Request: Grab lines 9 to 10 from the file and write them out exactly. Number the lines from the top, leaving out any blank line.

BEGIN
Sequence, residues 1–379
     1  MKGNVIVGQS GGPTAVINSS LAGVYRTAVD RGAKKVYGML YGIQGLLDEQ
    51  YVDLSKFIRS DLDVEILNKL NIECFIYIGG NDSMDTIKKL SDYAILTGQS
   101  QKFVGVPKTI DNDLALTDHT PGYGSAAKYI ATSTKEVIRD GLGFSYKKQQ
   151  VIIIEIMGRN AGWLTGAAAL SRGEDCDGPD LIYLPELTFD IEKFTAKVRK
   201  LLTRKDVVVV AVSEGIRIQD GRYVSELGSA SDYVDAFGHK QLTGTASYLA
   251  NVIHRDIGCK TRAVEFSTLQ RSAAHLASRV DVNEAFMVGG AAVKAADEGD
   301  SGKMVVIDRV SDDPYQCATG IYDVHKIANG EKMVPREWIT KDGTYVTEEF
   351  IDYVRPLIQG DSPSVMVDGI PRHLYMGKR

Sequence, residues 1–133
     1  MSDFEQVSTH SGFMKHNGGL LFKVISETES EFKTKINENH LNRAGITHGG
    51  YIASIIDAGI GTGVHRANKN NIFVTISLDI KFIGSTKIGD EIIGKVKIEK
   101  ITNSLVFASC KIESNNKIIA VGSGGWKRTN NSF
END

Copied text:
   351  IDYVRPLIQG DSPSVMVDGI PRHLYMGKR

Sequence, residues 1–133